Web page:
Section 16(2) states that, “In the determination of a person’s civil rights and obligations or of any legal proceedings which may result in a decision adverse to his interests, he shall be entitled to a fair hearing within a reasonable time by an independent and impartial court or authority established by law.”
In a typical motor vehicle accident claim, for example, the defendant usually has 14 days from the date of service of the claim to file an acknowledgment of service. If the acknowledgment of service is not filed, the claimant will be entitled to request that default judgment be entered. If the claim includes recovery of unspecified damages, the claimant will need to ask the court to assess damages to indicate exactly what amount the defendant is required to pay.
According to Rule 12.13 of the CPR:
“Unless the defendant applies for and obtains an order for the judgment to be set aside, the only matters on which a defendant against whom a default judgment has been entered may be heard are –
(b) the time of payment of any judgment debt;
(c) enforcement of the judgment; and
(d) an application under rule 12.10(2).”
This, effectively, means that a defendant who attends an assessment of damages may have to sit mute throughout the proceedings while the claimant makes his submissions regarding the appropriate award for damages.
There are two recent cases that have highlighted the flaw in that rule. The Full Court decision in Richards v Brown JMFC Full 05declared that rule 12.13 of the CPR is unconstitutional and invalid. An order was made for the rule to be struck from the CPR and the court held that defendants are entitled to actively participate in the assessment of damages.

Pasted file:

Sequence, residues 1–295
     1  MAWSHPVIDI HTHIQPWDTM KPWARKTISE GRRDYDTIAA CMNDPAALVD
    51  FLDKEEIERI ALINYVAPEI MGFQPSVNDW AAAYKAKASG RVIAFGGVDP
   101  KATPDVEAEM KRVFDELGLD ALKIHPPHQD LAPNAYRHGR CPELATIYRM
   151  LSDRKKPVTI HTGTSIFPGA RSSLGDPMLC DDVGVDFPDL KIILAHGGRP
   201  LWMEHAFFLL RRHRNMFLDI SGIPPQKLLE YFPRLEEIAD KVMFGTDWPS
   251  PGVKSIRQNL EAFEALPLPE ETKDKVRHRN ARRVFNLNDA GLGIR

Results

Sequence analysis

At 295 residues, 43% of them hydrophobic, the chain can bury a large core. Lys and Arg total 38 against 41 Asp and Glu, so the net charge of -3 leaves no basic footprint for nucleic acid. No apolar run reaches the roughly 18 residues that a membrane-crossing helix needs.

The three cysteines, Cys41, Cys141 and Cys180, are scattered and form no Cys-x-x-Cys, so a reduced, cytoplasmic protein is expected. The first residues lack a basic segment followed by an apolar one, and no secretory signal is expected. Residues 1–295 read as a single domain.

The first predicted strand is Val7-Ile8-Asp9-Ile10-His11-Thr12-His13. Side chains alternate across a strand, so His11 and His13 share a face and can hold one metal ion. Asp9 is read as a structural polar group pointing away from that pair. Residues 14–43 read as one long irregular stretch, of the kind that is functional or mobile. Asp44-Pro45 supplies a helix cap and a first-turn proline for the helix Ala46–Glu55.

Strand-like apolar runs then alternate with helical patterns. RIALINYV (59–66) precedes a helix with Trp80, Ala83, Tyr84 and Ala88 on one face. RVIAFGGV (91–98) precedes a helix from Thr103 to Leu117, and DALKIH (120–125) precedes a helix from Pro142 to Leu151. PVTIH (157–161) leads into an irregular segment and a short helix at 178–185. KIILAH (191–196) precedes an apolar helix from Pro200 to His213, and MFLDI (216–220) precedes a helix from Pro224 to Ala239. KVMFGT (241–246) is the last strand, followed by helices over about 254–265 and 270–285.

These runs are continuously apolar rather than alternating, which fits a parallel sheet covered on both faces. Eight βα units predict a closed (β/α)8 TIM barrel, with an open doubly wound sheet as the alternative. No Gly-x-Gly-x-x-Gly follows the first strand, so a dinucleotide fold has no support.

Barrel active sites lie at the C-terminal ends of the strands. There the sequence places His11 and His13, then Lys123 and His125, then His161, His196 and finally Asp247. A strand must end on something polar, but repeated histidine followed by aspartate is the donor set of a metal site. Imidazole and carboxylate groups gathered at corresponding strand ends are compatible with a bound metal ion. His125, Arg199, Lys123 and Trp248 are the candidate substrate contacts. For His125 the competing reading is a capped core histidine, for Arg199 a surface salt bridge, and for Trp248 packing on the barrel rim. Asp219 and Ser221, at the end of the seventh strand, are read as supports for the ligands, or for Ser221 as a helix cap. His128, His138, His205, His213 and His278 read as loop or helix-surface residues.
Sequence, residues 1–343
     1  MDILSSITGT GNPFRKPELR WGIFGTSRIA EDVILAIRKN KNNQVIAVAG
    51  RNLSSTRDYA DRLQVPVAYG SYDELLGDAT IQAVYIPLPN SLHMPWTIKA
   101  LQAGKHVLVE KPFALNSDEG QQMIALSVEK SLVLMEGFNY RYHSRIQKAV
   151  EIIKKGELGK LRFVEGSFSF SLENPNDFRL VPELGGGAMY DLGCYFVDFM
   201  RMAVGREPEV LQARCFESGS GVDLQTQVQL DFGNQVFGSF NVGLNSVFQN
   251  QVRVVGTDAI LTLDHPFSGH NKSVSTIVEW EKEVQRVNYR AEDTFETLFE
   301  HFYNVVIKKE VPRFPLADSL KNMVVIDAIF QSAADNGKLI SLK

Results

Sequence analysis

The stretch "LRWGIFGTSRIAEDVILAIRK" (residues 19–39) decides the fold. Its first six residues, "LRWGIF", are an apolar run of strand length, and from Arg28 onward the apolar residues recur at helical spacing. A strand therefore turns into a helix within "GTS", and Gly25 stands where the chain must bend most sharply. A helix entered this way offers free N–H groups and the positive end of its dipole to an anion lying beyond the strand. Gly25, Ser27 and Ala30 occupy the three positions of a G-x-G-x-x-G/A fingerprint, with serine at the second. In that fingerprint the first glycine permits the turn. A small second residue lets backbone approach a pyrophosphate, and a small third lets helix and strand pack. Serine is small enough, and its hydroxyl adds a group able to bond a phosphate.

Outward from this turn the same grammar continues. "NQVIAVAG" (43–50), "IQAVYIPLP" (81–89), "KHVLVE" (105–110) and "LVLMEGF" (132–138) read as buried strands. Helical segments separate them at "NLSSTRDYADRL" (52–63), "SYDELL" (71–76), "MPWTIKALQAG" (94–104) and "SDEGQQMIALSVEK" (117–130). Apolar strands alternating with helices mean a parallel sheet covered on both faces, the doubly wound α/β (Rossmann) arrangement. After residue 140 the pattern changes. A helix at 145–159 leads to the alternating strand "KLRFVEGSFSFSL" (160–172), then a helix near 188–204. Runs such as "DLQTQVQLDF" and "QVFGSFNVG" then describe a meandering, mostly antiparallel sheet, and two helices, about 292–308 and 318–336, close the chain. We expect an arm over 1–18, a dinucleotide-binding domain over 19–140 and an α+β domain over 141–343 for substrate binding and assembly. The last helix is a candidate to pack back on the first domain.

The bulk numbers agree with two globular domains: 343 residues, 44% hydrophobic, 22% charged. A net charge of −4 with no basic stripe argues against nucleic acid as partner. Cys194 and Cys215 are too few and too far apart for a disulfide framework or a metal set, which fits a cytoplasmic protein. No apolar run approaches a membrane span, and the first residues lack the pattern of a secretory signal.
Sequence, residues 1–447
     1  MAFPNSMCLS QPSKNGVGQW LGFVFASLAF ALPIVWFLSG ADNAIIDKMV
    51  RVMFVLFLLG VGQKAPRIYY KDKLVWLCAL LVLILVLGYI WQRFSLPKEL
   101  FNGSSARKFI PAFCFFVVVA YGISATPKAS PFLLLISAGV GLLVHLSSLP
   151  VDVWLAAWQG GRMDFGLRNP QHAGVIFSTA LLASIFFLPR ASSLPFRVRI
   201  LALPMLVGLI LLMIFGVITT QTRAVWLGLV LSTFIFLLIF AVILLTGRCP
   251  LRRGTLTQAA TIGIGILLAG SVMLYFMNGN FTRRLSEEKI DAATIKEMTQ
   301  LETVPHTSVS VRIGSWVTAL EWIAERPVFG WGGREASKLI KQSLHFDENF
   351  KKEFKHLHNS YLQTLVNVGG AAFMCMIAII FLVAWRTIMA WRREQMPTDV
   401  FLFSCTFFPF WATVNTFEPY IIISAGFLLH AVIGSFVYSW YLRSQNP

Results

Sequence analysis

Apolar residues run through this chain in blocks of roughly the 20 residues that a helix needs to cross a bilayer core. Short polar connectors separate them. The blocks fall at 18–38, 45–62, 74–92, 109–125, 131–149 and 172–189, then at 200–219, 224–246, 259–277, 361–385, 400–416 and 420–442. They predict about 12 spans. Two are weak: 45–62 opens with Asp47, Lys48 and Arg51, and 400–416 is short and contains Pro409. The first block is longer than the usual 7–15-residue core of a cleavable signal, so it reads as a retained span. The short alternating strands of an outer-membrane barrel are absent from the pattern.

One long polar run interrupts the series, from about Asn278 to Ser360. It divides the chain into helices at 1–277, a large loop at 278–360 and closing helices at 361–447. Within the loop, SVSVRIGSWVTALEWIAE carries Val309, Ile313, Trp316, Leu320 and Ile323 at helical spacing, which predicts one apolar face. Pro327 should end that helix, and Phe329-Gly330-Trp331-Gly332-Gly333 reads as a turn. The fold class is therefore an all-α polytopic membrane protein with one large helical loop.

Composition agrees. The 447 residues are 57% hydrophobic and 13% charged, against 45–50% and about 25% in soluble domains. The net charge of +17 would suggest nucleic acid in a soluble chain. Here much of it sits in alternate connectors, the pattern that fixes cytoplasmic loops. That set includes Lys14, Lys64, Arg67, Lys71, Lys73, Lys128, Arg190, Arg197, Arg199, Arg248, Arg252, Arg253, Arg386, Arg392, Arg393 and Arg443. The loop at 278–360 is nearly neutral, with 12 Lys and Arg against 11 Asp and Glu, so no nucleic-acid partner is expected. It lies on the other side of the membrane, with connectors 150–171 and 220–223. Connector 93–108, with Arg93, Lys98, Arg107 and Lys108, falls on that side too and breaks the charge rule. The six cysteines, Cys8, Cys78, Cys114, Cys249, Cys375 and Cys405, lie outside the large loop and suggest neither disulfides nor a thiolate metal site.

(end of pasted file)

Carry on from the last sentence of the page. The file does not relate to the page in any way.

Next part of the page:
The learned judge emphasized that, when damages are assessed, it is a judicial exercise, which requires active consideration and the judicial exercise of a discretion. He emphasised that a defendant at an assessment of damages has a right to be heard and any provision that removes this right is unconstitutional and cannot be demonstrably justified in a free and democratic society. He said that, “Form, in the way of a failure to file an acknowledgment, was not allowed to prevail over the substantive right to be heard. We should not by this decision allow substantive rights to be taken away because of formalities.”
In the Court of Appeal decision in the case of Al-Tec Inc Limited v James Hogan, Renee Lattibeaudaire and the Attorney General  JMCA Civ 9, the respondents had sued the appellant for breach of contract and judgment was entered against the appellant who had failed to acknowledge service of the claim. The appellant, who had made an unsuccessful application to set aside the judgment, appealed the decision. The court ruled that the right to be heard is a fundamental one, provided by section 16(2) of the Charter of Rights and the appellant had the right to address the court on quantum and to present the authorities that support its arguments that the respondents are not entitled to the sums claimed as damages.
Both the Supreme Court and Court of Appeal have put the issue beyond doubt – Rule 12.13 of the CPR is unconstitutional to the extent that it restricts the right of participation by a defendant in an assessment of damages hearing.
Sherry Ann McGregor is a partner, mediator and arbitrator in the firm of Nunes Scholefield DeLeon & Co. Please send questions and comments to email@example.com or firstname.lastname@example.org.